Spending Review 2010 - HC 618Written evidence submitted by the Society of Biology (SR 24)


There continue to be multiple uncertainties over the future funding landscape, especially in universities, leading to confusion and an inability to plan effectively. This is undermining the Government’s position in statements around the value of science accompanying the comprehensive spending review settlement. It is essential that the impact of the spending review is re-visited in 2012.

Main Text

The Society of Biology is a single unified voice for biology: advising Government and influencing policy; advancing education and professional development; supporting our members, and engaging and encouraging public interest in the life sciences. The Society represents a diverse membership of over 80,000—including practising scientists, students and interested non-professionals—as individuals, or through the learned societies and other organisations listed below.

The Society welcomes the Committee’s intention to review the complex evolution of the science funding environment since the Spending Review. Many forces are acting upon this sector at present including the Research Council settlements; the reduced departmental budgets available for direct commissioning of research, particularly by Defra; the abolition of the RDAs; the funding position and policies of the higher education Funding Councils, and the changes in student support arrangements arising from recommendations in the Browne Review, among others. Relatively few areas of science are immune from the impact of these multiple changes and it will be some time before the combined results are evident. For this reason we feel it appropriate to submit a short letter rather than to attempt extensive evidence-gathering at this time.

1.The Society has welcomed the support for science signalled in many Departmental statements, and encourages the underlying government position that science is a potential growth engine for the economy and an endeavour essential for national wellbeing. However, we reiterate our concern that the settlement presented science with significant and growing financial challenges.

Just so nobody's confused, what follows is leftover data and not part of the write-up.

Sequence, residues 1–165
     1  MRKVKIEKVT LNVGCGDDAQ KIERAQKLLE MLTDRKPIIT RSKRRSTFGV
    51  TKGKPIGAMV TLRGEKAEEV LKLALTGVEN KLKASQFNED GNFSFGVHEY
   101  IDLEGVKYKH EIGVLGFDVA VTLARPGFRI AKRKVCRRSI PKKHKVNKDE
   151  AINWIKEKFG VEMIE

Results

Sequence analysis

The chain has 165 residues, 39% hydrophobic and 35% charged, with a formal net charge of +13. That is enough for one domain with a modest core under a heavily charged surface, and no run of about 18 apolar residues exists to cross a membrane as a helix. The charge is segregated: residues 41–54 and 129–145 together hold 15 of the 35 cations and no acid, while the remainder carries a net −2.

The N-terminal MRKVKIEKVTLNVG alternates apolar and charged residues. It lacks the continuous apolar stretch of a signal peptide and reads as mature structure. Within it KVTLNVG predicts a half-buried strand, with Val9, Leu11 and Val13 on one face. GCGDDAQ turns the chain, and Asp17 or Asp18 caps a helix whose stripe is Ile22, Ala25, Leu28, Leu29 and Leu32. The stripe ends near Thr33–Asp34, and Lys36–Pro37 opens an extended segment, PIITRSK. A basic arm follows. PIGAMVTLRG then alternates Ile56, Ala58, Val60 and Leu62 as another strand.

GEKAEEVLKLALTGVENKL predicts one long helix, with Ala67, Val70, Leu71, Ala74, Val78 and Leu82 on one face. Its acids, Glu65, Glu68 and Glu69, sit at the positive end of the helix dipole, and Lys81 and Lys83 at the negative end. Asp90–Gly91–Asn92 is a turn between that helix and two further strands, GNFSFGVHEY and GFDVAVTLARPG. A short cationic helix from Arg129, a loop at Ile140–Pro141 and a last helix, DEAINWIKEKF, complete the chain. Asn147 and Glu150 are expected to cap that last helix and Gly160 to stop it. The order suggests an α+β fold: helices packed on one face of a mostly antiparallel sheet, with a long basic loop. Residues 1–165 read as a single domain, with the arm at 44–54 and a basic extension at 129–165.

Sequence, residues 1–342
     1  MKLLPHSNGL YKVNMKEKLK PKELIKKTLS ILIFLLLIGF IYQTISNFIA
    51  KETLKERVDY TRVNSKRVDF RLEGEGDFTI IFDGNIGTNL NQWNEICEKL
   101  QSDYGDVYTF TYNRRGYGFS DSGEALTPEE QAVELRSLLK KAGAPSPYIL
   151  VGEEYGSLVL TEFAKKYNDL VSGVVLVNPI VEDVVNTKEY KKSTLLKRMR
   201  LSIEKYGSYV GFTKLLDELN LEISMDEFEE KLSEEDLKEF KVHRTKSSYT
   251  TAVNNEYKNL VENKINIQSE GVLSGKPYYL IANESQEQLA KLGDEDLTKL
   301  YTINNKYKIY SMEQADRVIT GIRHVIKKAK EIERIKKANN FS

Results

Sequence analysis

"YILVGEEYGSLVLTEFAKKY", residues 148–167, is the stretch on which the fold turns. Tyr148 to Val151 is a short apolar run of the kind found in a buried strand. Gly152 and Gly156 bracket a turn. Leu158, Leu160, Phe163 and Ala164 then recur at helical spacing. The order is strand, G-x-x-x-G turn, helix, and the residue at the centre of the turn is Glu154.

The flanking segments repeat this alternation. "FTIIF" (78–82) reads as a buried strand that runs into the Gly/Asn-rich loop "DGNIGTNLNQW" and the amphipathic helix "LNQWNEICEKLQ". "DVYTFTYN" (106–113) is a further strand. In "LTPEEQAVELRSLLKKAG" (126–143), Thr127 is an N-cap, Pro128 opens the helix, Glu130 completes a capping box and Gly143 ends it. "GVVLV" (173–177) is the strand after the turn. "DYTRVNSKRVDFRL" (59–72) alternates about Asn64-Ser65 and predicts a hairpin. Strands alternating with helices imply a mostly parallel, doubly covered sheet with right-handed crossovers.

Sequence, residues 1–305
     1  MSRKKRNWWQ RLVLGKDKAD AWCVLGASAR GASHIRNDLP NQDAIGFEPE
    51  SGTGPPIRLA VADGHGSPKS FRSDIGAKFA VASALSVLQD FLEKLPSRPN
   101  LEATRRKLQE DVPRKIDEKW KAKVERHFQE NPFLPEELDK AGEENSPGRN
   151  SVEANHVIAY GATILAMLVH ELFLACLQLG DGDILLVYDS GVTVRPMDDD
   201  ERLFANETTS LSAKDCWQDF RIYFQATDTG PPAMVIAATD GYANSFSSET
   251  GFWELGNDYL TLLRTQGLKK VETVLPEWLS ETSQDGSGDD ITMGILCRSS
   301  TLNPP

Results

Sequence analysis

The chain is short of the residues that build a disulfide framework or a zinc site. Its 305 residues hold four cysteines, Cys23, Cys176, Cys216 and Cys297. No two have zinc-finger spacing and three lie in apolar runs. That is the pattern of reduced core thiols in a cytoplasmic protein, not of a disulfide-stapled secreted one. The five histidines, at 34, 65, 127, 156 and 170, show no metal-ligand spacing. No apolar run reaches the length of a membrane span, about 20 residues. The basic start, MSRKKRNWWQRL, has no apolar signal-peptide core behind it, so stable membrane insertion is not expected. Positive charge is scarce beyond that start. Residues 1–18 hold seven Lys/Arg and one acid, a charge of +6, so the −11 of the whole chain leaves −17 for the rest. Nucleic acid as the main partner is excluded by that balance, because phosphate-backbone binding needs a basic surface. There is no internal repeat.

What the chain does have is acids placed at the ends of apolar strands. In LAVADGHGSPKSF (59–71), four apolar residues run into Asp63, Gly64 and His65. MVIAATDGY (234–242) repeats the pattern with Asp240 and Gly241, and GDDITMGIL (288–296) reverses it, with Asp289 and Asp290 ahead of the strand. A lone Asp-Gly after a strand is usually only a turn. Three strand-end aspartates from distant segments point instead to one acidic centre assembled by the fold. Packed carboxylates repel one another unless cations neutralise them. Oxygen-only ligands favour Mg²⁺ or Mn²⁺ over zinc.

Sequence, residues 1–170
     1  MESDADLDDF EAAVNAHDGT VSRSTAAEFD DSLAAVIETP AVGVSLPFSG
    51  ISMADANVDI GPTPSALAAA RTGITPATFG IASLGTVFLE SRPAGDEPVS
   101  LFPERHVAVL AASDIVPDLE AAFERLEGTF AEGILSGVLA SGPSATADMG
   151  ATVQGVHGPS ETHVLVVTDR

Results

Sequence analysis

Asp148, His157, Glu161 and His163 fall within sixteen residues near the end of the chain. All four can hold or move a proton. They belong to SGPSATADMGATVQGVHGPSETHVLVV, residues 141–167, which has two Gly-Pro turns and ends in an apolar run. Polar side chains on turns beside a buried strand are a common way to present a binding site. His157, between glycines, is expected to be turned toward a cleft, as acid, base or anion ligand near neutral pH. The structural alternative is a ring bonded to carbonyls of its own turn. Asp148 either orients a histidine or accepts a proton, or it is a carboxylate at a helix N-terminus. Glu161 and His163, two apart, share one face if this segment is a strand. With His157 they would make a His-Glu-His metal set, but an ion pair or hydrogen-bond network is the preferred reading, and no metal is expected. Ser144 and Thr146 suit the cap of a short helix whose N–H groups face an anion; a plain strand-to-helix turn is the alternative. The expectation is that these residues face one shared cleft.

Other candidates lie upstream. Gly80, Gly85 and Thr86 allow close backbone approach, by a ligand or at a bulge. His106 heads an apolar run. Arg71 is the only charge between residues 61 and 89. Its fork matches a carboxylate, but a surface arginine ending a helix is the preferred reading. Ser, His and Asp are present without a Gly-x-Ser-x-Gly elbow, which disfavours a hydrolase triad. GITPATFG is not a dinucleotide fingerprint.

2.We are concerned that pressure from reduced funding or reduced public and private sector investment may have negative impacts on national capacity in terms of skills and innovation. In addition we foresee significant dangers in the greatly reduced Research Council capital budgets and the increasing erosion of the value of the science settlement due to inflation. Moreover, as other countries continue to invest in science, the UK risks losing international standing. All of this comes at a time when financial and other pressures are bringing about significant changes in the advice and scrutiny function provided by arms’ length bodies, commissions and independent authorities etc. There is concern that the independent and long-range vision of many of these bodies cannot be easily recreated within the systems retained.

3.We wish to comment specifically on university science departments. Whilst some time has elapsed since the Spending Review and the Browne Review, we are concerned that terms such as “chaos” and “turmoil” continue to appear in descriptions of their funding landscape. Several reasons for this have been highlighted to us. Most Bioscience Departments can expect a reduction in their research grant and contract income from charities and government Departments and are aware that funding from Research Councils will become considerably more competitive, making it prudent to expect a reduction from this source also. University income from teaching is also highly uncertain at the moment. Submissions to the Office for Fair Access (OFFA) will shortly be complete for this year, but longer-term fee structures will continue to be influenced by the forthcoming White Paper and the process of OFFA reviews. In addition the trends in student enrolment remain unknown and may be a significant determinant of the medium-term financial stability of many institutions.

4.While continued reinvigoration and improvement of the environment for science learning and advanced skill development at university and higher level colleges is to be embraced, the sense of future instability in the skills pipeline currently being reported to us is a matter of great concern. This level of uncertainty may generate indecision or overreaction, neither of which would be a welcome outcome. Many areas of science learning are intrinsically expensive to deliver, without necessarily guaranteeing higher level earnings for their graduates. Choices on the fees applied to individual courses are likely to be influenced locally but may have implications for the overall viability of departments and the national coverage of learning centres for specific skills. In addition, the different funding and charging arrangements in Scotland, in particular, are likely to have an effect and there is valid concern about the appearance of funding gaps.